Muyako residents cry foul

By Risco Lumamezi

TRIBAL clashing on who owns Lake Liambezi, has sparked confusion to the people living in Muyako area, 60 km east of Katima Mulilo .

Chief Maiba Liswani of Masubia and Chief Simasiku Mamili of the Mafwe

A decree stating that Lake Liambezi is for Masubia, Confused the family members of the late Buchane, who claimed to be the owner of the land, and therefore are calling on the government to find an amicable solution to what seems to be a major dispute between the two major tribes in the Caprivi region.

Meanwhile the grand children of the late Buchane call it a family issue, which according to them became sour in 1995 when the family decided to change its jurisdiction from the late Maiba Moraliswani of the Masubia tribe to Chief Boniface Bebi Mamili who ruled the Mafwe Tribal Authority before he went in exile with his cousin Mishake Muyongo. Because of this, they are therefore claiming that it is imperative for the land where they reside to change to its original jurisdiction vested in the Mafwe Tribal Authority.
Lake Liambezi which is in Muyako is an economic asset which has a fertile soil, good for farming crops such as the maize, rice, sugar cane and other various vegetation.

It has now been mooted into confusion for this poor family who feel that their ownership of the land has plunged their life into darkness.
“We broke out of the Masubia in 1995 because we were oppressed and we decided to move to Chinchimane where we pay our tax and honour”, said a grandson of the late Buchane who opted to remain anonymous.
The family has further expressed concerns on how a committee, which spearheaded the matter, was handling the issue. They say that the committee was supposed to bring the people and their tribal khutas together.
Nevertheless, Buchane’s grand children are adamant that the authorities must be aware that Lake Liambezi belongs to them and that they have a constitutional right to decide who should be given a land.
“It is impossible, for some one to tell me that I should give away a cloth I’m wearing,” said the grand son. Before 1964 Muyako was called Kalengwe and was ruled by Induna Mukasa of Sikanjabuka who was later succeeded by Induna Mabakeñi under Chief Mamili of the Mafwe.
The name Muyako originates from a pond surrounding the village, and it means, “We go there” in Subia.
The descendants of Buchane expressed their unhappiness, saying people from Masubia Khuta at Bukalo are causing conflict.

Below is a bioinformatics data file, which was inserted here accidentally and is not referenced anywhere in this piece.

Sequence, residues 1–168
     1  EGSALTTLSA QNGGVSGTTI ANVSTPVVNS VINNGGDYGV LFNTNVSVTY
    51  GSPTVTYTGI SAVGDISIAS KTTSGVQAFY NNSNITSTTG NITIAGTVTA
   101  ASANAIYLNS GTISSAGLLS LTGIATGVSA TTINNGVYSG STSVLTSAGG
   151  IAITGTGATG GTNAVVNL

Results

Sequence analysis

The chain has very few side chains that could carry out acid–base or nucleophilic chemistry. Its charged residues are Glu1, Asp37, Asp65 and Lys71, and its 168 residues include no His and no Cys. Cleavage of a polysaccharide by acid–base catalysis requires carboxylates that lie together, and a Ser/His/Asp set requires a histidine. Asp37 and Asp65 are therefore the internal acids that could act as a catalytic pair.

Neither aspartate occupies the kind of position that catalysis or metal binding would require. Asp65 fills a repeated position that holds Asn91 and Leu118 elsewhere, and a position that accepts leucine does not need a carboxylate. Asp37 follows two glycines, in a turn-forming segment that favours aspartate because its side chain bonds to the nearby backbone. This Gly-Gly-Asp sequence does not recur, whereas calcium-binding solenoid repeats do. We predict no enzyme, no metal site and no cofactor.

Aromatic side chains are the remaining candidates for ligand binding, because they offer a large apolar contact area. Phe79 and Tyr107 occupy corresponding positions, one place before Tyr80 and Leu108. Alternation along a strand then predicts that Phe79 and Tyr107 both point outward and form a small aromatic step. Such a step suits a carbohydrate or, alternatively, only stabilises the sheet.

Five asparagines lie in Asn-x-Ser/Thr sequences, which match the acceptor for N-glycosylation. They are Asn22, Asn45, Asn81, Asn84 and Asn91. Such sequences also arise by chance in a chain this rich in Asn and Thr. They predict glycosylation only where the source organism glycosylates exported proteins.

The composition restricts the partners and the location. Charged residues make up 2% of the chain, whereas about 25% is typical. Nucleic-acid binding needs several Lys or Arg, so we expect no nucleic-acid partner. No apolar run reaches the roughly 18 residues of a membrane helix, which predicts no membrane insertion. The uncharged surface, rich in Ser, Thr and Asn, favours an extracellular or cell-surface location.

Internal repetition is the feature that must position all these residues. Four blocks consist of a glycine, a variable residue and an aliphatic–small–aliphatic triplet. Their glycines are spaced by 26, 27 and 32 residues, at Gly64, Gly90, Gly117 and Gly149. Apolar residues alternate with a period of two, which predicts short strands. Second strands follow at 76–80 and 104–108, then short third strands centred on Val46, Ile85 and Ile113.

“The time they were told through that decree, they came shouting at us that they won our land,” said a Muyako resident who belongs to Mafwe. “I urge people to respect other people no matter how big or small they are,” said a Buchane family member.
Before they move out of the Masubia’s Chieftainship in 1995, The Buchane‘s family formed a committee of representatives composed of Mr. Brendan Sinvula ,Leonard Sinvula , Vincent Salufu and Michael Sibeso. Last December conflict was caused by people from Kabbe, Lusese and Schuckmansberg who ploughed in the fields of other people at Uyoye without perrmission or consulting the owners according to a Muyako resident.
Muyako is resided by people speaking Subia and Chikuhane.In February two chiefs met at a special meeting held in Katima Mulilo hosted by the Minister of Regional, Local Government, Housing and Rural Development, John Pandeni who delivered a document signed by President Hifikepunye Pohamba,to the effect that Lake Liambezi belongs to the Masubia tribe. This document was availed to the chiefs of Mafwe and Masubia. However, Chief Kisco Maiba Liswani III said that, the long dispute locked development incentives such as sugar cane plantation and other agricultural schemes.

Sources close to Chief Liswani revealed that irrigational projects to utilize the disputed land of Muyako in particular started long back as this supposed to create jobs to jobless young people. They revealed that the project will soon going to start at Lake Liambezi in Muyako area.
After the allocation of the land, the National Society for Human Rights barked that government intervention to bring three villages which are under the jurisdiction of Chief Mamili to be under Masubia Traditional Authority was the intention to see the establishment of a sugar plantation scheme at Lake Liambezi.
According to the Executive Director of the National Society for Human Rights,Phil ya Nangoloh, the ownership or further strength to utilize the lake is a political motive which under covers some wealthier individuals close to the master mind and who are not from that area claiming the setting up of the plantation.
Though government through its Minister of Information and Broadcasting,Netumbo Nandi Ndaitwah during media briefing on Cabinet matters this year has accused NSHR for propagating tribalism in its press releases, as those actions are not to the interest of peace, security and national development of Namibia is enjoying.Asked to shed some lights before going to the press, we were told to write questions before she can comment but all this proved futile as they were postponement of meeting the Minister of Information and Broadcasting Netumbo Nandi Ndaitwah.





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